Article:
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Keygen routine producing valid WinXP product keys?

Sounds like bad news for Microsoft's WPA...

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Internet Security Threat Report 2014

A cracking system for Windows Product Activation publicised this week may present Microsoft's anti-piracy system with its most serious problem yet. It takes the form of a key generator which appears to produce valid activation keys for Microsoft products, and if this really is the case, it is difficult to see how Microsoft can differentiate between keys issued with legal product, and keys generated by the keymaker.

It sounds too good (well, depending on your outlook) to be true, but while forum operators are in general managing to keep a lid on people posting locations for the program, it seems clear from discussion threads on several of them that it is indeed producing keys that work. The keymaker first gained widespread publicity earlier this week at Heise.de, which tested it and says it generated 25 keys for XP Home overnight. Heise's report, in German, can be found here, while Neowin.net has a translation of the important bits here.

Judging by the time taken to generate keys there's a significant amount of crunching going on, but on the other hand as this is precisely the sort of thing Microsoft must have anticipated when it devised WPA, it's not nearly as much crunching as you'd expect. If one morally questionable teenie can successfully generate one operational key by leaving their home PC running overnight, then Redmond has quite clearly blundered. 25 in a night counts as blundering big-time.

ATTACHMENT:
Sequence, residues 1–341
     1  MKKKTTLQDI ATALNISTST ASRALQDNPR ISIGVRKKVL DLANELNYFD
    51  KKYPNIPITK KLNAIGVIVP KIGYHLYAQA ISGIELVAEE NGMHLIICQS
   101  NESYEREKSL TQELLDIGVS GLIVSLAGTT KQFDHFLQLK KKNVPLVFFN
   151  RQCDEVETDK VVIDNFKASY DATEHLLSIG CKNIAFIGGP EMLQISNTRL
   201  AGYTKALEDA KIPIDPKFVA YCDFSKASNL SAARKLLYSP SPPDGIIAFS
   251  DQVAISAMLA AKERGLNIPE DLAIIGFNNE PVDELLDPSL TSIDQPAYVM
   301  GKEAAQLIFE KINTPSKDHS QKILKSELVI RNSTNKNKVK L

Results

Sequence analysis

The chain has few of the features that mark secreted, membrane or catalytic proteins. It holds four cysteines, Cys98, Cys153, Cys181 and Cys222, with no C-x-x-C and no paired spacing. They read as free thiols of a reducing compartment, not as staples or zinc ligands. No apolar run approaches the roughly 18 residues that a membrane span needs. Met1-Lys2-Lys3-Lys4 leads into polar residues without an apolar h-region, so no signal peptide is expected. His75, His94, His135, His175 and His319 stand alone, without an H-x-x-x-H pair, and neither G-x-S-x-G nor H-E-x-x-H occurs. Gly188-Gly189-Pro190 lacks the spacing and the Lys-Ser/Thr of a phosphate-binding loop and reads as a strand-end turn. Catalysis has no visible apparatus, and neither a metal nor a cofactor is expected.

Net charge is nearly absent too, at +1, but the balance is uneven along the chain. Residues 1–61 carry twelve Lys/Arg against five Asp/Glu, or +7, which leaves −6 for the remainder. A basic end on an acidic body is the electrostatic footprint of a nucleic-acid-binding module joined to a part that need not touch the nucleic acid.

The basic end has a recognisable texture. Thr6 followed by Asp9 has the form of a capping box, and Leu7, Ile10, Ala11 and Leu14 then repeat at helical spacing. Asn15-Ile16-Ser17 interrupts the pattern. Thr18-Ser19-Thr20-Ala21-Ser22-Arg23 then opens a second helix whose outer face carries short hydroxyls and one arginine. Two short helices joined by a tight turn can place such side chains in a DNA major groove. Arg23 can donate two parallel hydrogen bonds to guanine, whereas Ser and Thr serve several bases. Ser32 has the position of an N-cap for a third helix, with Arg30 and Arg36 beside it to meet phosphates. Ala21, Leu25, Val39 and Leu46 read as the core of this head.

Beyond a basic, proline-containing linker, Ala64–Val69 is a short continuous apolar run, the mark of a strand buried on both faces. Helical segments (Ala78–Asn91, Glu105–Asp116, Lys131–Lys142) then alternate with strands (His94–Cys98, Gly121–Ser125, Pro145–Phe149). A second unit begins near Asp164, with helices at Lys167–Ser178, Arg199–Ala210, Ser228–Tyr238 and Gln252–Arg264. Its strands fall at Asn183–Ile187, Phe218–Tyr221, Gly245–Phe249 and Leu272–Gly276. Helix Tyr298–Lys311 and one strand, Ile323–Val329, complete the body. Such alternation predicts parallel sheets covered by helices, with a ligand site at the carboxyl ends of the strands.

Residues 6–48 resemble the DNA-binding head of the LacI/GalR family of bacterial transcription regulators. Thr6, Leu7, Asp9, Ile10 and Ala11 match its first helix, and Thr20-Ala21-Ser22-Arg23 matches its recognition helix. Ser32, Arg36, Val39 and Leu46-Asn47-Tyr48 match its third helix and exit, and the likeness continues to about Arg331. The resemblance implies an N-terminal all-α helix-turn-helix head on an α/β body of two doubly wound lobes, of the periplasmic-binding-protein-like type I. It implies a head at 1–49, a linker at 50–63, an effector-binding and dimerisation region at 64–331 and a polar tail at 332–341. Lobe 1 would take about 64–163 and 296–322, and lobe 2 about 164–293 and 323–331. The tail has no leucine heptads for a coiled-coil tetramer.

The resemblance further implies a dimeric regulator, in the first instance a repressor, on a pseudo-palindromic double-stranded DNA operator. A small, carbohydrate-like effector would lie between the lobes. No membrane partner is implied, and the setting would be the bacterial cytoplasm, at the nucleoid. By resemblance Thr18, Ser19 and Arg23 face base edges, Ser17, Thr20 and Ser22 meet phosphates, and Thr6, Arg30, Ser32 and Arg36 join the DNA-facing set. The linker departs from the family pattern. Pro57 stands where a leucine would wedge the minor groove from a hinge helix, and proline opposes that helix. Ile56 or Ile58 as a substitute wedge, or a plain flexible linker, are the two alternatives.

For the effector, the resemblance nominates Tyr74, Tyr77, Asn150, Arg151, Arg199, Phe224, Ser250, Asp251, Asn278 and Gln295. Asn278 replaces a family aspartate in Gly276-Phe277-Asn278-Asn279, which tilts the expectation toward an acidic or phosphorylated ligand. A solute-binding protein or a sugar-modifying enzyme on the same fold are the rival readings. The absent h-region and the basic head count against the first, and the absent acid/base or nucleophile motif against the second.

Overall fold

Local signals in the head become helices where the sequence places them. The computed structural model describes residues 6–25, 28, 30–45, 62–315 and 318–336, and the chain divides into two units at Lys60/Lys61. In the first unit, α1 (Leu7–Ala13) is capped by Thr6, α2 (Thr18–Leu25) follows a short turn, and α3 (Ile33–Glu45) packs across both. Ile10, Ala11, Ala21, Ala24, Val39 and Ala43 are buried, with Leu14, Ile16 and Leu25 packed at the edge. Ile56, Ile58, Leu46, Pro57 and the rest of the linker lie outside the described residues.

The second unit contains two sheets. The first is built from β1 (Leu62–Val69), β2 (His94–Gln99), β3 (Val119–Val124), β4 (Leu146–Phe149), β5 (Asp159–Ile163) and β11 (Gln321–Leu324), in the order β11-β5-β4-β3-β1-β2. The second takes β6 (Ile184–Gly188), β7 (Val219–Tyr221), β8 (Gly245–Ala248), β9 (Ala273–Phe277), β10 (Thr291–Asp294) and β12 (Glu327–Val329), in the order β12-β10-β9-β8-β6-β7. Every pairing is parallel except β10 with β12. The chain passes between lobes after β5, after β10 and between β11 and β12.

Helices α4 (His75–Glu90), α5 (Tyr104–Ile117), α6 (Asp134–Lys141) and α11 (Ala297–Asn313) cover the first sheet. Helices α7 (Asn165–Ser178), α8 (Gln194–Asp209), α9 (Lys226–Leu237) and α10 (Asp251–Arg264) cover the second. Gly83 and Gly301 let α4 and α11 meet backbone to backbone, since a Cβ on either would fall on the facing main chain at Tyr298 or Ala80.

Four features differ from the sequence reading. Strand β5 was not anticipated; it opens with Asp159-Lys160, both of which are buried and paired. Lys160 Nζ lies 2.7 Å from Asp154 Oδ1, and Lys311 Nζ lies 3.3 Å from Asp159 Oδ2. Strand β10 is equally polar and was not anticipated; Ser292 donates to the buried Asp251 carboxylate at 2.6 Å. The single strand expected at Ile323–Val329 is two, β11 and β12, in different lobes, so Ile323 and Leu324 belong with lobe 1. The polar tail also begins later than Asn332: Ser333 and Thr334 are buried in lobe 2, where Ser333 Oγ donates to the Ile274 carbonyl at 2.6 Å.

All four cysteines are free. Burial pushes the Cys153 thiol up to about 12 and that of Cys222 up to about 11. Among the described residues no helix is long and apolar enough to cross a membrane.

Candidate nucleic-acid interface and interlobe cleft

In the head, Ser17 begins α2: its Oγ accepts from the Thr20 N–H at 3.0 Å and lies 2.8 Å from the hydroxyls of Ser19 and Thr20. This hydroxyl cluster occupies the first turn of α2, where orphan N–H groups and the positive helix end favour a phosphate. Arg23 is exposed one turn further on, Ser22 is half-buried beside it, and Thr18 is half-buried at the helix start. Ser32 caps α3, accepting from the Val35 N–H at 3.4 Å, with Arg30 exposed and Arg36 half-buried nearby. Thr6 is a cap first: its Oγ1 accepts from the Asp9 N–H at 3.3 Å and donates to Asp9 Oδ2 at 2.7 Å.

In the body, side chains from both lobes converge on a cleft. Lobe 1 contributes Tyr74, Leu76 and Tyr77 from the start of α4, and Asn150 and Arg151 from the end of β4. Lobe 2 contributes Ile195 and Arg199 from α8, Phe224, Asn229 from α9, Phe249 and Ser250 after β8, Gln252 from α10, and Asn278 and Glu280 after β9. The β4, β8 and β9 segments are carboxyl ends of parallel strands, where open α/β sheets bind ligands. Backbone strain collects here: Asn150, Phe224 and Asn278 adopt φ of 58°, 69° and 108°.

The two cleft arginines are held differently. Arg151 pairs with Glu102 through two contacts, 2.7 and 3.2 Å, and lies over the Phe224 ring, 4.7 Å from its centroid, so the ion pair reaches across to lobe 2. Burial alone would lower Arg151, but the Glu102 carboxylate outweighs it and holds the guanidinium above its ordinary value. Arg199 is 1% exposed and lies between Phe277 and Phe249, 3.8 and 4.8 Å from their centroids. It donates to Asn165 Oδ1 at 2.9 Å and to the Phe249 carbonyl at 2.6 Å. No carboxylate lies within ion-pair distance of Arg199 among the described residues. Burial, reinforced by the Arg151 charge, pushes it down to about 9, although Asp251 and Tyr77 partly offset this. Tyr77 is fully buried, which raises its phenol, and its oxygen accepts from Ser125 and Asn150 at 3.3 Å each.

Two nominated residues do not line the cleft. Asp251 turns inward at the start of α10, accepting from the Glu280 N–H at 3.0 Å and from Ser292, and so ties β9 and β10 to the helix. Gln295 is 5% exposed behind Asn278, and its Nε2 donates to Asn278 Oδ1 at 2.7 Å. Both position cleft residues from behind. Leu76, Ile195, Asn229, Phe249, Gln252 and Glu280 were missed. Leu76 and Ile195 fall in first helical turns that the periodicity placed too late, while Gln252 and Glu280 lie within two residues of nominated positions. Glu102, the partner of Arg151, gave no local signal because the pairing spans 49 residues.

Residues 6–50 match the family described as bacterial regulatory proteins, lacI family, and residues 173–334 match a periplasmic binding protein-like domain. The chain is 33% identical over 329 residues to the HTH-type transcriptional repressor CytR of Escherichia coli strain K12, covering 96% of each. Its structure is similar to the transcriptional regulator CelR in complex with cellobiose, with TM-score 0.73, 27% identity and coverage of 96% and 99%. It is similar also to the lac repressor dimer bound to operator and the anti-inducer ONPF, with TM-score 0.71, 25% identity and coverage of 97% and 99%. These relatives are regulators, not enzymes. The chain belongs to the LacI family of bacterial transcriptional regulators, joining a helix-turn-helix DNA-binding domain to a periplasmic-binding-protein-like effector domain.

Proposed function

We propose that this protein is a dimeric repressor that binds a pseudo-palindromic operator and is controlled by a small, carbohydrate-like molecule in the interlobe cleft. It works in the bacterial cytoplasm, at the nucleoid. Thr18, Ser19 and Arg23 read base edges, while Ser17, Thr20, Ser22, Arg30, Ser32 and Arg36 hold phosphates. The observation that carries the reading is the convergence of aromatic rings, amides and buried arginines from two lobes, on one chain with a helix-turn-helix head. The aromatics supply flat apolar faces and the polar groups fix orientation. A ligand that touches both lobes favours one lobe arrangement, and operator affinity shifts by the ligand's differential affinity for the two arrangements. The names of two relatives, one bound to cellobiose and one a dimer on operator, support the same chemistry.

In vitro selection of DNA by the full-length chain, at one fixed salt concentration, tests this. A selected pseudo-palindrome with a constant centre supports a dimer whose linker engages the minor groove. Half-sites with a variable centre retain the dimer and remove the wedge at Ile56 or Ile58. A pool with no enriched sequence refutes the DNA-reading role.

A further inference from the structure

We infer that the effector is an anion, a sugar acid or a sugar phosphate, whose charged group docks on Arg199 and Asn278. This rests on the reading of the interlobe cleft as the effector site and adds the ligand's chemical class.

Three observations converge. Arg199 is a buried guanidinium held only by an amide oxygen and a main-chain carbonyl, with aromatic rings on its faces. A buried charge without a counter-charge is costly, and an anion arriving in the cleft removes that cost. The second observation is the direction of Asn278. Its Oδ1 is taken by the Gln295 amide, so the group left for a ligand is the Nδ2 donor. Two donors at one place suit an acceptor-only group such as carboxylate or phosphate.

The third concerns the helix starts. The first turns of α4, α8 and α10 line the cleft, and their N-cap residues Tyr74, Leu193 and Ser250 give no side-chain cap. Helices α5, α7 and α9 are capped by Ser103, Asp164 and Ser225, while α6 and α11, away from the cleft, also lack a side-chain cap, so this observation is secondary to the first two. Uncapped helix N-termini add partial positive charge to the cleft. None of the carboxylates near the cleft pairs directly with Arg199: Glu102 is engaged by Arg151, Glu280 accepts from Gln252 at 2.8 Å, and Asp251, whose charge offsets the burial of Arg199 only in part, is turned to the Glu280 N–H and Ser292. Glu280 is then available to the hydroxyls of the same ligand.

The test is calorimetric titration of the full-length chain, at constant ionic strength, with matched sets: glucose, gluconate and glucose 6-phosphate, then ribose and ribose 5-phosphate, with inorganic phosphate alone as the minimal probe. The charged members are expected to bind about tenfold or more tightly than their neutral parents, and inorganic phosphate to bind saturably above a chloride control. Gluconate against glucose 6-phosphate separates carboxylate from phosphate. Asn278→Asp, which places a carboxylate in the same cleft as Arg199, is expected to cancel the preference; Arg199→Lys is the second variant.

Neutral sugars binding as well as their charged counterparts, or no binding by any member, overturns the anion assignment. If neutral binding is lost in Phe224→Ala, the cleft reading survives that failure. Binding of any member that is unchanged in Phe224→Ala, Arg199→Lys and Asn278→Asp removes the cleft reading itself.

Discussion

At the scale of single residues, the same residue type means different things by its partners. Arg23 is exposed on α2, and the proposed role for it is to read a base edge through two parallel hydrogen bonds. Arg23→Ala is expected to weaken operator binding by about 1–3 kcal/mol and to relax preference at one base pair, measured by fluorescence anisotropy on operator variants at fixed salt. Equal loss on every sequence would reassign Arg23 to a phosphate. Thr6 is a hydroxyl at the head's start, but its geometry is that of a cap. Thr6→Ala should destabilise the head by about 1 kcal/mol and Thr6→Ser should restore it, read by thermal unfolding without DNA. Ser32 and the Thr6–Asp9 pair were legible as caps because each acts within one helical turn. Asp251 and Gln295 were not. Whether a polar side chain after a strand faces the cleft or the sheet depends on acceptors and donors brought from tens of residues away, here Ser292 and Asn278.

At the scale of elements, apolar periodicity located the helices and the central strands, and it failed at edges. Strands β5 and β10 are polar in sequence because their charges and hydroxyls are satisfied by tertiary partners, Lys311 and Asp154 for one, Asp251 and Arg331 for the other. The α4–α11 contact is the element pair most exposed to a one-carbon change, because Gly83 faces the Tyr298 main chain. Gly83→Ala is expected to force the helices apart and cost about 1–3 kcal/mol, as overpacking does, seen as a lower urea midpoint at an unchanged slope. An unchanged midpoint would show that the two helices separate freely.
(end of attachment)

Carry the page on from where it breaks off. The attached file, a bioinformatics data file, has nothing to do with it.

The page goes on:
Prior to the keymaker WPA had been cracked, although that rather depended on what you meant by the word; as Microsoft has heroically argued, being pirated wholesale and being cracked are in fact two different things. Philosphically, anyway. Patched versions swiftly became available when the software went gold, but essentially these can be termed unauthorised distributions/variants of the software, and although it means people can get it for free, Microsoft has the capability of zapping their installations as a side-effect of service packs and similar. As yet the company doesn't seem to have used Windows Update to deactivate warez systems, but it's possible.

The other major circumvention of WPA is via leaked keys for corporate versions, which are unlocked simply by entering the key, rather than it being necessary to activate over the Internet or by phone. Again, Microsoft can invalidate these keys at service pack time, and it has done so at least once in the past.

So the question as regards keymaking software is whether or not Microsoft has any way to differentiate between generated keys and the ones it has issued itself. If not, this generation of WPA is now surely toast. ®

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